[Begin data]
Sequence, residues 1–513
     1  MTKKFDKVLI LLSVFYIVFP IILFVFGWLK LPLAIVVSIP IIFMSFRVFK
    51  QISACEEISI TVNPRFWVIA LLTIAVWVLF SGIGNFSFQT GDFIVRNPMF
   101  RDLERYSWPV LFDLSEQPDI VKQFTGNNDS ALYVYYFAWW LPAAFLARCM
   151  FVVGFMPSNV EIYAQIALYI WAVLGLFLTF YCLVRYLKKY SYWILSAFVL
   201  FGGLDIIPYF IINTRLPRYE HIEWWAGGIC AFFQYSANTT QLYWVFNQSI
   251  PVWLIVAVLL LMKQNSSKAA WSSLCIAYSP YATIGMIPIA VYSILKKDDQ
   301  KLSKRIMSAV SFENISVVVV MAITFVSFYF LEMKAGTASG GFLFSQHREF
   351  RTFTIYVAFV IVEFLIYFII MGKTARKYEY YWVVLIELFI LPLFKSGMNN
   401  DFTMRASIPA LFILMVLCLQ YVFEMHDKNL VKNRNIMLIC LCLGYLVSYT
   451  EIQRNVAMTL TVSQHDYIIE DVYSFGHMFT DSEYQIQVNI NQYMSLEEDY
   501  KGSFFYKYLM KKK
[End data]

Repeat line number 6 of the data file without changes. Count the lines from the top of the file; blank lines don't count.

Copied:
   201  FGGLDIIPYF IINTRLPRYE HIEWWAGGIC AFFQYSANTT QLYWVFNQSI